CNN, in a report on the Centers for Disease Control’s finding that the teen birth rate increased in 2006, focused attention on what liberals surmise is a partial cause of the increase - President Bush’s advocacy of abstinence-only sex education. CNN correspondent Mary Snow, in her introduction to her report, noted that, "no one is saying for certain whether the rise in teen pregnancy is in fact a trend, but it is bringing attention to abstinence-only programs, and the roughly $176 million the federal government spends on them each year."
The report, which aired during the 4 pm Eastern hour of Thursday’s "The Situation Room," featured three sound bites from both sides of the debate. Two came from Cecile Richards, the president of Planned Parenthood, whose political leanings are never mentioned. The third came from Robert Rector of The Heritage Foundation, which is described as a "conservative think tank."
[Update, 12:20 pm Eastern: Kristen Fyfe of MRC's Culture and Media Institute pointed out the biased reporting of the New York Times and the Washington Post on the CDC report.]
The report also quoted a White House spokeswoman, who the labeled the increase "an unwelcome development," and Hillary Clinton, who "touted family planning programs during her husband's administration for a steady decrease in the teen birth rate" and added that "under President Bush’s leadership, we may be falling off track."
Throughout the report, there is a confusion of terms. The actual CDC report is about an increase in the teen birth rate, not an increase in the number of teen pregnancies. Of course, not all pregnancies result in the birth of a child (due to miscarriages and abortions). But in his introduction, host Wolf Blitzer explains that "many more teens are getting pregnant, and it's a sharp reversal of a long-term trend, an actual rise in teen birth rates after a 14-year decline." The language Snow used above is equally confused. Later, Snow twice referenced an "increase in teen pregnancy."
The full transcript of the report from Thursday’s "The Situation Room:"
WOLF BLITZER: Experts disagree on just what's causing it, but virtually everyone agrees it certainly is alarming. Many more teens are getting pregnant, and it's a sharp reversal of a long-term trend, an actual rise in teen birth rates after a 14-year decline. And that's reviving an old debate. Do programs that encourage teens not to have sex actually work?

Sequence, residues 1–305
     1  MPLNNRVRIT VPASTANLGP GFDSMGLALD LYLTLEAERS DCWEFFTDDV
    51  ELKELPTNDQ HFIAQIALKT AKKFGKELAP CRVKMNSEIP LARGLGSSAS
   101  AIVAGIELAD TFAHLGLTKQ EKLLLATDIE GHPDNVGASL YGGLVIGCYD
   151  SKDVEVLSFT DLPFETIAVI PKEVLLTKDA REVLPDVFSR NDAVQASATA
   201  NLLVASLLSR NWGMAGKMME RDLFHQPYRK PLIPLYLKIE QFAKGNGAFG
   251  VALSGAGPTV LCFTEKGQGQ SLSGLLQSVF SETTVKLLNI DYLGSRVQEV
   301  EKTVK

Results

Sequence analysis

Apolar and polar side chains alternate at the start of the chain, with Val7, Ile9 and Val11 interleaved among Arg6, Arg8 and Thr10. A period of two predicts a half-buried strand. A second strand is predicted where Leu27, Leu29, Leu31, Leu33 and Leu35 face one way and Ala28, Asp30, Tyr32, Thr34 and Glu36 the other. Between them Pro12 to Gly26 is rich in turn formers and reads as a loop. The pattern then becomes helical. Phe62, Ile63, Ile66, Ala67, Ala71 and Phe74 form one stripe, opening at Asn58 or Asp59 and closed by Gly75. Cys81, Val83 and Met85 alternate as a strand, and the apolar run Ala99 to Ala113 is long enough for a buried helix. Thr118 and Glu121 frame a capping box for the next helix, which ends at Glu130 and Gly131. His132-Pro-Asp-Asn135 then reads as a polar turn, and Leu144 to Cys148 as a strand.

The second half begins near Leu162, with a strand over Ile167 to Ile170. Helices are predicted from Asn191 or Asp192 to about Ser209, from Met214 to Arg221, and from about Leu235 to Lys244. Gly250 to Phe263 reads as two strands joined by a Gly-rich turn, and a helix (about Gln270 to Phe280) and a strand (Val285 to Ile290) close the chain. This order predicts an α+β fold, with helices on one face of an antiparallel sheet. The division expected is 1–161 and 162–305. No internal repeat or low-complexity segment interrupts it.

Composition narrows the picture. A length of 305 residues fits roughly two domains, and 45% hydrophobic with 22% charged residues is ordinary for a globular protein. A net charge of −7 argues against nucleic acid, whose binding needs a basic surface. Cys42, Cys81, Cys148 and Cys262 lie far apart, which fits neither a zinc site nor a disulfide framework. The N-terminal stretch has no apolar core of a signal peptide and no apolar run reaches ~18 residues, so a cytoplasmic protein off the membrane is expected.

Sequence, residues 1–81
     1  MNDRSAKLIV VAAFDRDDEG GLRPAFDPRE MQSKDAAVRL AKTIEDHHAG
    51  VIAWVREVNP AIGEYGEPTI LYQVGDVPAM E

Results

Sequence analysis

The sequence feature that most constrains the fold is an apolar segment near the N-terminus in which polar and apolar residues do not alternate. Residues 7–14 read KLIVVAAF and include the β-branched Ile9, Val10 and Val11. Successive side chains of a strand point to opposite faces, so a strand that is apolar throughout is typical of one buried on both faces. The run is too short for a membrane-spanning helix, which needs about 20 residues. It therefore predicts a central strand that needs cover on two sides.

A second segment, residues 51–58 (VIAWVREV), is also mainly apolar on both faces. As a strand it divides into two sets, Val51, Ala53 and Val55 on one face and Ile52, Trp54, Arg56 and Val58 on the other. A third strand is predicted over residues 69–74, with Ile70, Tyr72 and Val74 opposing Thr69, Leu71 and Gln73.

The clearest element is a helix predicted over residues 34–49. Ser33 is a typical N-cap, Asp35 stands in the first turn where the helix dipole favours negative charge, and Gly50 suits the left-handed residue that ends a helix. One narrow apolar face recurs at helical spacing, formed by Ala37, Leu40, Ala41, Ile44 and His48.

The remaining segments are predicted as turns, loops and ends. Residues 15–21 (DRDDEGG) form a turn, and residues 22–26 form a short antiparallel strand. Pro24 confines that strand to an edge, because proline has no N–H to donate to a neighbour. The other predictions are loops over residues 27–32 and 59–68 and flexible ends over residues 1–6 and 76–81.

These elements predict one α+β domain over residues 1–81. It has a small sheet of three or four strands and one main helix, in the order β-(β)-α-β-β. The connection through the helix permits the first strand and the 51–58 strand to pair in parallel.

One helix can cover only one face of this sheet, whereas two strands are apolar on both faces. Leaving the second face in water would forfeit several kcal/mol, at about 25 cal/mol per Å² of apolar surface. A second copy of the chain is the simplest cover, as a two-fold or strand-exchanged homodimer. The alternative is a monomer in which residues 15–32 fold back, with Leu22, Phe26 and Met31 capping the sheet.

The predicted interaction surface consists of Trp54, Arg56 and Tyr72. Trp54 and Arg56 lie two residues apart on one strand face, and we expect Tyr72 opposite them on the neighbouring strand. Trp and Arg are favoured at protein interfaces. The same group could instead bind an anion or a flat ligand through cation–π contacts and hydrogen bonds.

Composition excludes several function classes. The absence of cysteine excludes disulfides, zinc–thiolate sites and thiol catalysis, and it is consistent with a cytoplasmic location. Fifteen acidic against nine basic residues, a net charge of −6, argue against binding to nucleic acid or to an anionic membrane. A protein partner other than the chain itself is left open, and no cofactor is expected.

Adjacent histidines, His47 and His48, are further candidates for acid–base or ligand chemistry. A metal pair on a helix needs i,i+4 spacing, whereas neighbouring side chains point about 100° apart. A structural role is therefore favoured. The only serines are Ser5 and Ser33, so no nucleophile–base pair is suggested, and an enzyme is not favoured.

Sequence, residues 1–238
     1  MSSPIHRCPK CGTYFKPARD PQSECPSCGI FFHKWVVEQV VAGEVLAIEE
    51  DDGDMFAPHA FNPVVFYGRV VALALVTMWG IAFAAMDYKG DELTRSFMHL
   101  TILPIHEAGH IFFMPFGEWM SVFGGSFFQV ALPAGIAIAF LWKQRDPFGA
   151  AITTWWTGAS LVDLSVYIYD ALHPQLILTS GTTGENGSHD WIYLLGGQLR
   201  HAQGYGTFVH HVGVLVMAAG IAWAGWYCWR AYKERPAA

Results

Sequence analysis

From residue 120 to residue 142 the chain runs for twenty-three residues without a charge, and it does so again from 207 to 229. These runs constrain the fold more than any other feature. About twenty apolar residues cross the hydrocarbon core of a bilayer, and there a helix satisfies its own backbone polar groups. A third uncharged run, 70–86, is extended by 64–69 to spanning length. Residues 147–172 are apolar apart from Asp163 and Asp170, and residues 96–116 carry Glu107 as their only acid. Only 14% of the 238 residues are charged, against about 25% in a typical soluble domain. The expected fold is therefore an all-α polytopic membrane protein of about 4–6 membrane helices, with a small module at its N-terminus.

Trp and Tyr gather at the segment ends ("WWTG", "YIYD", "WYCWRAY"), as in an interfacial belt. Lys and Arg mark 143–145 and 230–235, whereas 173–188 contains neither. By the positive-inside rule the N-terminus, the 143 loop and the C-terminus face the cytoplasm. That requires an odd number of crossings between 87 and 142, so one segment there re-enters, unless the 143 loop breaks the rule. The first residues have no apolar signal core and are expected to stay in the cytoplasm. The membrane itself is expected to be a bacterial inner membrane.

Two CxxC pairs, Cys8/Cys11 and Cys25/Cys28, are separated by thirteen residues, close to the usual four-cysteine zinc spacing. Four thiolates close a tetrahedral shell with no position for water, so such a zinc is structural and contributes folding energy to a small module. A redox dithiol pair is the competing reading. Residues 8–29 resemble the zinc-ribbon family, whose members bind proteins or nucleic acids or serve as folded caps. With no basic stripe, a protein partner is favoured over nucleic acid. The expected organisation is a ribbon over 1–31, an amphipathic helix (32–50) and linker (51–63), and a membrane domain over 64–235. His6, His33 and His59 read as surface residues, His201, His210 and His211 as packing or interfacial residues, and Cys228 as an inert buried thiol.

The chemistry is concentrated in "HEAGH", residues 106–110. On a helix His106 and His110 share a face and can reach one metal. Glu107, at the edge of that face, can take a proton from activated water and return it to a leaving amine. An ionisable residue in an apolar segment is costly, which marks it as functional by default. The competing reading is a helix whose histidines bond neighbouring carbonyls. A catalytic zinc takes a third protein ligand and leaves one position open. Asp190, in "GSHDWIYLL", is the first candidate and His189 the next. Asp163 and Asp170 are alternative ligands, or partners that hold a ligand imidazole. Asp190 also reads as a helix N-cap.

Let's go to CNN's Mary Snow. She's in New York watching the story for us. You've been looking at all of the numbers coming in and the debate. What's going on?
MARY SNOW (on-camera): Well, you know, Wolf, no one is saying for certain whether the rise in teen pregnancy is in fact a trend, but it is bringing attention to abstinence-only programs, and the roughly $176 million the federal government spends on them each year.
SNOW (voice-over): When the 2006 birth rates for teenagers were first gathered by the Centers for Disease Control, the head researcher said she was so surprised by the results, she wanted to make sure there wasn't a mistake. The numbers compiled by the CDC show a 3% increase in the teen birth rate, reversing a 14-year decline.
Cecile Richards, the president of Planned Parenthood, blamed the rise in part on the Bush administration's abstinence-only sex ed programs.
CECILE RICHARDS, PRESIDENT, PLANNED PARENTHOOD: Unfortunately, what's happening is young people are sexually-active and they're not using contraception. And I think that's what this new CDC study shows.
SNOW: Don't blame abstinence programs, says the conservative think tank, The Heritage Foundation, which explains the teen birth rate rise this way.
ROBERT RECTOR, THE HERITAGE FOUNDATION: They want to have children very, very much. They feel they ought to wait until they are a little older but, gee, waiting isn't all that critical.
SNOW: Just whether abstinence-only programs work has been a subject of debate since President Bush advocated them.
PRESIDENT GEORGE W. BUSH (from May 10, 2002) : One of the parts of our welfare reform reauthorization is to promote abstinence. Let me give you a reason why we should. It works every time.
SNOW: The White House called the rise in teen pregnancy 'an unwelcomed development,' adding, 'We'll be interested to understand what are the causes for the increase, and whether it is an anomaly, following a long decline in rates or a trend.'
Democratic presidential hopeful Senator Hillary Clinton touted family planning programs during her husband's administration for a steady decrease in the teen birth rate, adding, 'Under President Bush's leadership, we may be falling off track.'
Planned Parenthood says even during the decline, the teen pregnancy rate was higher than it should have been.
RICHARDS: We still have in this country the highest teen pregnancy rate of the most developed countries in the world. And in the 21st century, I think we could do better.
SNOW (on-camera): And the CDC does points out one positive point, which is that the birth rate for girls between 10 and 14 declined. That was the only age group showing a decline.
BLITZER: Mary Snow watching this story for us. Thanks, Mary, very much.